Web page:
A man who had been drunk and could not remember a high-speed garda chase the morning after his 40th birthday has lost a €60,000 compensation claim in court.
Martin O'Donnell, who denied he had been involved in an all-night drinking celebration, told Judge John O'Connor he did have drink taken when a friend and neighbour offered him a lift at 10am on October 15, 2015. He was 40 on the day before.
He told the Circuit Civil Court yesterday he had no memory of a high-speed chase through roundabouts near Blanchardstown to escape gardaí.
It ended in a head-on collision on the wrong side of the road with a Range Rover and a serious head gash that required 10 stitches.
Conor Kearney, for the Motor Insurers' Bureau of Ireland and FBD Insurance, told him in cross-examination he was a serial road traffic offender and claimant.
Mr O'Donnell agreed he had been treated for frontal gunshot wounds to his lower limbs, abdomen and chest in 2001 and again in 2003 when he had been shot in the lower limbs and back.
He also agreed he had been injured in a knife and machete attack to his head and left arm in 2004 as well as in road traffic accidents in 2009, 2010, two in 2012, another in 2014 and three, some still pending, in 2015.
The 44-year-old had already obtained €7,000, €10,000 and €14,000 pay-outs but in some cases had not taken a claim, the court heard.
Mr O'Donnell, of St Philomena's Park, Ballycoolin, Blanchardstown, said he had no memory of having threatened to hit Detective Garda Stewart Gleeson over the head with a full two-litre bottle of vodka, which he had in the car with him, before smashing it on the ground. He told the court his friend and neighbour Patrick Mongan had given him a lift in a Ford Fiesta car which, Mr Kearney pointed out, had no number plates, was entirely unroadworthy and had a smashed windscreen.
He said Mongan had not been drinking with him and another friend earlier that morning.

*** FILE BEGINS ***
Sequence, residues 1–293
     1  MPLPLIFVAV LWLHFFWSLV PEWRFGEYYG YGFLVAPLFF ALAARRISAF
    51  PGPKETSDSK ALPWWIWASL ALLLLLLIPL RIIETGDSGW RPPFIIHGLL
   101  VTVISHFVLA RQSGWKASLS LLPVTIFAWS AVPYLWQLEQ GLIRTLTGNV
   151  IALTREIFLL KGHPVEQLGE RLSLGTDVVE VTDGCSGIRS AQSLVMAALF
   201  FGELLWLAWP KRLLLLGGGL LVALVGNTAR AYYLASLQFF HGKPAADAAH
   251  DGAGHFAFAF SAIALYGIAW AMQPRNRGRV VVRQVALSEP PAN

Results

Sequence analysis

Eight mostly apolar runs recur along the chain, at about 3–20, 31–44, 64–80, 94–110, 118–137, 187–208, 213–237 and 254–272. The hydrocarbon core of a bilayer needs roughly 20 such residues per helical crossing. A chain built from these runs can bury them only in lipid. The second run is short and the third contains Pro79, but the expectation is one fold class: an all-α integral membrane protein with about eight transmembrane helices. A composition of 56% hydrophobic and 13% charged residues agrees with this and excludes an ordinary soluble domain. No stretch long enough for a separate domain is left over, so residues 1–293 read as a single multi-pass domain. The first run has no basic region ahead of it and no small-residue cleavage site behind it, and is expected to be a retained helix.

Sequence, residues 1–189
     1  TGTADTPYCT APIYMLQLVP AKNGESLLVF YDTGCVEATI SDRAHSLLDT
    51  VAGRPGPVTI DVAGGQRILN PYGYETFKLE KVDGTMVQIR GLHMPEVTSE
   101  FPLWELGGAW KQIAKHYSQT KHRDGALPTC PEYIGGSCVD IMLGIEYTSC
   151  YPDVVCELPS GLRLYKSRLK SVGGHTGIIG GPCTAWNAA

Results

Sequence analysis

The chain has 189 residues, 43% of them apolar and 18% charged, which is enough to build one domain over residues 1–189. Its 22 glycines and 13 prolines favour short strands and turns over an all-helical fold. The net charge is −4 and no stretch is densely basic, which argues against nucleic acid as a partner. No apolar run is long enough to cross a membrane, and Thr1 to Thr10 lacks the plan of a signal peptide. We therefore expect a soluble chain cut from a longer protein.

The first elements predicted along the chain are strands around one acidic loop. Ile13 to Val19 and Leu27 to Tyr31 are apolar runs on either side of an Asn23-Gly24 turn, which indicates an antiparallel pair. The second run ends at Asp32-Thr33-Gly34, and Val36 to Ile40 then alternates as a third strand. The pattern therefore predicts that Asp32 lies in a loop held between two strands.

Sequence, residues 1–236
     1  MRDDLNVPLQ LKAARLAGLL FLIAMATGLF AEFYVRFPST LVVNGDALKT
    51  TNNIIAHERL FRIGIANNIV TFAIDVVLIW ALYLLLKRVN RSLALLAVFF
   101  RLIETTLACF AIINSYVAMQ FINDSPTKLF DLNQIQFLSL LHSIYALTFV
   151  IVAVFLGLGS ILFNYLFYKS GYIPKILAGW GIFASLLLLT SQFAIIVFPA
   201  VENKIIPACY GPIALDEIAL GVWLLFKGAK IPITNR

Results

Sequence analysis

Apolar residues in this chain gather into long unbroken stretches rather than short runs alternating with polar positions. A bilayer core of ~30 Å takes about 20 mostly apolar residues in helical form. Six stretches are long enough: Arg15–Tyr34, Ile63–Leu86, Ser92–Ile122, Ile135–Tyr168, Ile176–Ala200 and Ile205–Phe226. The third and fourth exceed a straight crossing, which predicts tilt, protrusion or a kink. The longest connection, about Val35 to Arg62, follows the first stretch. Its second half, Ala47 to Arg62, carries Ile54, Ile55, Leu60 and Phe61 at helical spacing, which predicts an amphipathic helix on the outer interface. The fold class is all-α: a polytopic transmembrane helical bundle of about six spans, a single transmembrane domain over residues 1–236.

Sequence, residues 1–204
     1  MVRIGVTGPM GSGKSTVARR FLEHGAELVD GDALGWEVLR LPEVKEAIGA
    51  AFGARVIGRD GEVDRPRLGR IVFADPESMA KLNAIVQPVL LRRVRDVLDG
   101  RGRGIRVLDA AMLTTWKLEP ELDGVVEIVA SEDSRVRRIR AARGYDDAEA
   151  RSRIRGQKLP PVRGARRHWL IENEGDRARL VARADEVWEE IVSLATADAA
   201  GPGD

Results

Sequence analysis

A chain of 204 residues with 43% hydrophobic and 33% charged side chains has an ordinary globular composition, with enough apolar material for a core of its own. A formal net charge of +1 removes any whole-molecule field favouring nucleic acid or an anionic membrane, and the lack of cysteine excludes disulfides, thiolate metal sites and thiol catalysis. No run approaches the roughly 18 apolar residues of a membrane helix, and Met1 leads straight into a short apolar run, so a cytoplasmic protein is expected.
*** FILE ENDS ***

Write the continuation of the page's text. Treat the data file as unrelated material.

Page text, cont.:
Detective Garda Gleeson said he and Detective Garda Bernard Connaughton had been in an unmarked garda car when he recognised Mr O'Donnell and Mr Mongan pass him in a car.
He suspected the vehicle was stolen as the top of the driver's door had been bent outwards as if forced open in a break-in, the court heard.
When the blue lights had been switched on, indicating that the Fiesta should stop, the car had taken off at high speed, sometimes reaching 130kmh in 60kmh zones and forcing other vehicles to take evasive action, the court was told.
When it crashed on the wrong side of the road Mr O'Donnell and another passenger, John Maughan, had been taken to hospital by ambulance. Detective Garda Connaughton arrested Mr Mongan.
Judge O'Connor dismissed Mr O'Donnell's €60,000 compensation claim and he told him to pay the legal costs of the court case as he had been drunk and had got into a car driven by a man he knew to be very drunk and to have no insurance and had failed to co-operate with gardaí.
"I really have to compliment the gardaí for the manner in which they intercepted this vehicle and probably avoided a fatality taking place," Judge O'Connor said.
The Motor Insurance Bureau of Ireland's acceptance to indemnify uninsured drivers says that a claimant shall co-operate fully with the gardaí and anyone entering a vehicle they know to be uninsured shall be excluded from cover for injury.